Riddell announced that it will be the first manufacturer to provide users with an easy-to-read, initial season of use/maximum life label. The label will be affixed to the exterior of its helmets in order to provide athletes with the highest level of protection possible.

The initial season of use/maximum life label clearly shows a helmet's year of manufacture, as well as its maximum lifespan, so athletes, coaches and parents can easily determine when to replace their equipment. A new policy from the National Athletic Equipment Reconditioners Association (NAERA) states any football helmet 10 years and older will no longer be eligible for reconditioning and recertification. This new label will be affixed to the back of every new Riddell helmet and any helmet reconditioned at a Riddell facility.  

“It is important for schools to know the age of their helmets and recondition them each year to best protect athletes,” said Dan Arment, president of Riddell Sports. “Our new system helps coaches and parents easily determine the age of a player's helmet.”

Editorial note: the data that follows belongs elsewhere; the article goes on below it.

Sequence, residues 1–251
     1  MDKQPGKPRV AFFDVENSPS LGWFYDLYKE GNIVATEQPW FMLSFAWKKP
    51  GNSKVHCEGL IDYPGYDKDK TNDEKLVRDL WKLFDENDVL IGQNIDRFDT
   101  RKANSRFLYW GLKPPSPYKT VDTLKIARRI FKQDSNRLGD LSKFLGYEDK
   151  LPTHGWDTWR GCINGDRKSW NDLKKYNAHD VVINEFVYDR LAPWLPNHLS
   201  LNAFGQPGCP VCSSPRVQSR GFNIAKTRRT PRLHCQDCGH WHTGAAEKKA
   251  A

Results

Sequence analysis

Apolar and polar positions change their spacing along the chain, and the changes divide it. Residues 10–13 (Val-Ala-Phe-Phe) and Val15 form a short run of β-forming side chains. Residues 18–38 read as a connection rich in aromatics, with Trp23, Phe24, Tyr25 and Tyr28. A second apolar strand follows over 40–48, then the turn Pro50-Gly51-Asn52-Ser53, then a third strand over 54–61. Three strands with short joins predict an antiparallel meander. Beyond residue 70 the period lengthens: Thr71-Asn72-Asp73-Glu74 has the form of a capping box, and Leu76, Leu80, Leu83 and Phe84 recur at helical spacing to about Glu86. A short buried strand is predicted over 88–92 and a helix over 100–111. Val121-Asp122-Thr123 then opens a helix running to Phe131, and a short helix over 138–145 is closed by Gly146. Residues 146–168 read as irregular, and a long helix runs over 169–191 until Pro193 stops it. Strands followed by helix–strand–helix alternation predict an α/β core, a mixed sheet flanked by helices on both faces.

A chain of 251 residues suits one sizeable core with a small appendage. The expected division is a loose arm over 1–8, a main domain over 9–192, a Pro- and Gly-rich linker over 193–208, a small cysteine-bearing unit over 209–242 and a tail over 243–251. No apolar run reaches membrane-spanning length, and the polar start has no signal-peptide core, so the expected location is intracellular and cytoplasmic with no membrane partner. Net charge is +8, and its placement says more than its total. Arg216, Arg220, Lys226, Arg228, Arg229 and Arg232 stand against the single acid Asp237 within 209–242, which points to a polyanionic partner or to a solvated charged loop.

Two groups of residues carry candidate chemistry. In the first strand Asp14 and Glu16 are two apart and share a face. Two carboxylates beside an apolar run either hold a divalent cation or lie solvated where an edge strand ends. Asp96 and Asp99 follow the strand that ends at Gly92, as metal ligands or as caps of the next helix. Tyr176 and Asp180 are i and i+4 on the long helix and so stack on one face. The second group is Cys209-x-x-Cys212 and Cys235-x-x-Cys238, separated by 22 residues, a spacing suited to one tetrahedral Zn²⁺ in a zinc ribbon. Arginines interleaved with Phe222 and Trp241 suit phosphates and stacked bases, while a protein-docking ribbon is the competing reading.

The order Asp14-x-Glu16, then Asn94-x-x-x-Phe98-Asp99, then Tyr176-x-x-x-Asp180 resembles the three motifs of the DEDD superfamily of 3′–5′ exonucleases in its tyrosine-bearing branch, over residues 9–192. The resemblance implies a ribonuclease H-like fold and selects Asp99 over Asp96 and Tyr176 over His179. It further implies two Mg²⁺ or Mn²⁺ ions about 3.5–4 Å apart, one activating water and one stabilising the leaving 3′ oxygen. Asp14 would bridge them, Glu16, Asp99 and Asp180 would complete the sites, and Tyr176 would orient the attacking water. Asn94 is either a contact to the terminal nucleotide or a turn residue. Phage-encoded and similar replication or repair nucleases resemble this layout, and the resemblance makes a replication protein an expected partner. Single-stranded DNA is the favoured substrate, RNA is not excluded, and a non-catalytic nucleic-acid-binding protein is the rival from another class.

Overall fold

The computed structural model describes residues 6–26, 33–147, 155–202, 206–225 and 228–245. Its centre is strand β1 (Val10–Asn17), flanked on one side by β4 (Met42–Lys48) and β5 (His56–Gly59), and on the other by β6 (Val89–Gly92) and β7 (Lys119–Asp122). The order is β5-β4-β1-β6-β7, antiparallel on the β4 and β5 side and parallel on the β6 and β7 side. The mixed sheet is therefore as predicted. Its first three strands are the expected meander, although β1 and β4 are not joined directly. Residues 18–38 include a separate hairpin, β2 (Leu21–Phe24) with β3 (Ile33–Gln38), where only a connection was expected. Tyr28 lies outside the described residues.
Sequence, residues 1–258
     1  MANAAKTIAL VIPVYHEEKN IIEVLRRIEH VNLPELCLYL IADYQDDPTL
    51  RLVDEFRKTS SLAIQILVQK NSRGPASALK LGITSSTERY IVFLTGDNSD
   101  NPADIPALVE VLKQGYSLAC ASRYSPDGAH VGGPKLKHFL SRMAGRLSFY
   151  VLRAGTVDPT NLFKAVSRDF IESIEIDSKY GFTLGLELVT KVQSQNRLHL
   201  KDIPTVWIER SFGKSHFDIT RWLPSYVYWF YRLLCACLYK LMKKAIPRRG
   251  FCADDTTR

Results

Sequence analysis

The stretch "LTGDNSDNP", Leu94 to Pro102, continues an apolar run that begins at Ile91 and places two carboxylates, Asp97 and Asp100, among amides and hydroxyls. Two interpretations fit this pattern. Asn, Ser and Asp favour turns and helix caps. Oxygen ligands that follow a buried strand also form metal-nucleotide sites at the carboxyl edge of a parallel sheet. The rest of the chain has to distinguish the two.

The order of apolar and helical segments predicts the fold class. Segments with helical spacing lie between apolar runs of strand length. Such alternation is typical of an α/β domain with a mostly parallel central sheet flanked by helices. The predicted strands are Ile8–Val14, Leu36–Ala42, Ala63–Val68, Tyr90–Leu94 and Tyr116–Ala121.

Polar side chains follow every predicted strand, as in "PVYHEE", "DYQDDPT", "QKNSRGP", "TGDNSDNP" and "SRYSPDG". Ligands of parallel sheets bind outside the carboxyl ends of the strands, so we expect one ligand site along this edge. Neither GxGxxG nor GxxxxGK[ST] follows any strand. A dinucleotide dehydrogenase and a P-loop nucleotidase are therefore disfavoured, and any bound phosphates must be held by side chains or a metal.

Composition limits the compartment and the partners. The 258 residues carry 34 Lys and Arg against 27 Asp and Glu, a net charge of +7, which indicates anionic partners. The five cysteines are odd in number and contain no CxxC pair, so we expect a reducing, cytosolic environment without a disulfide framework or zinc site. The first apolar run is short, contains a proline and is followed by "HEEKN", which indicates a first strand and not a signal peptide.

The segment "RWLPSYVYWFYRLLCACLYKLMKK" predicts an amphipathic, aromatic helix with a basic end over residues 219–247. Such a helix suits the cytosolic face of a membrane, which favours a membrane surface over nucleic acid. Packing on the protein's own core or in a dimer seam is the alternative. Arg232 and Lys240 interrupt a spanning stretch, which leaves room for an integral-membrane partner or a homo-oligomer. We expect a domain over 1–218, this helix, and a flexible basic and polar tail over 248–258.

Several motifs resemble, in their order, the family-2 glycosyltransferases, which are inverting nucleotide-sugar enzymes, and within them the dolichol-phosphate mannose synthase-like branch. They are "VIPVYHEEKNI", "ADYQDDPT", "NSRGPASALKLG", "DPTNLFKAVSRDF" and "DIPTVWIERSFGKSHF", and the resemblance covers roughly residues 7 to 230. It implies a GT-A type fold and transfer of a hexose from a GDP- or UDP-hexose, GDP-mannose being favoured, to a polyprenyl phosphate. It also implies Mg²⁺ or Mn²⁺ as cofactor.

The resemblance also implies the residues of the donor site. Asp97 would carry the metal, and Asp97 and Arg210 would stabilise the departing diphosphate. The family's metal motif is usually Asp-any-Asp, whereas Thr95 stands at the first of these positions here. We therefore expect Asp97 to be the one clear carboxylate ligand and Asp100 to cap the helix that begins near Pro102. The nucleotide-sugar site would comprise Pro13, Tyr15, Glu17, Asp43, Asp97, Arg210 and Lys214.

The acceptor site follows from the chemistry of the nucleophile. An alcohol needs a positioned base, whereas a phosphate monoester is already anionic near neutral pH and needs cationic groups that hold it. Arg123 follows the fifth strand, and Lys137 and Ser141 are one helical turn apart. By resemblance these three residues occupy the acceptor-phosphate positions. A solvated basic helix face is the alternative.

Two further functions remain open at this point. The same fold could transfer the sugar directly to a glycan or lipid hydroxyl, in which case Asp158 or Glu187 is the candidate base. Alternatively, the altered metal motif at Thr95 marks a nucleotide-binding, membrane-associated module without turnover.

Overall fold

This initiative is supported by Chairman Inez Tenenbaum of the U.S. Consumer Product Safety Commission (CPSC), which works to improve the safety of thousands of consumer products under its jurisdiction.

“I applaud Riddell for stepping forward and empowering parents, players, and coaches with information that could prevent injuries on the football field,” said Tenenbaum. “I am also very encouraged that other helmet manufacturers have responded to my call that this become an industry standard, as quickly as possible. Every parent, player, and coach should be able to look at the back of any helmet and instantly know whether that helmet might still be eligible for use.”

The initial season of use/maximum life label is now in effect for the upcoming 2012 football season for all new Riddell helmets and reconditioned helmets. For more information, visit www.riddell.com.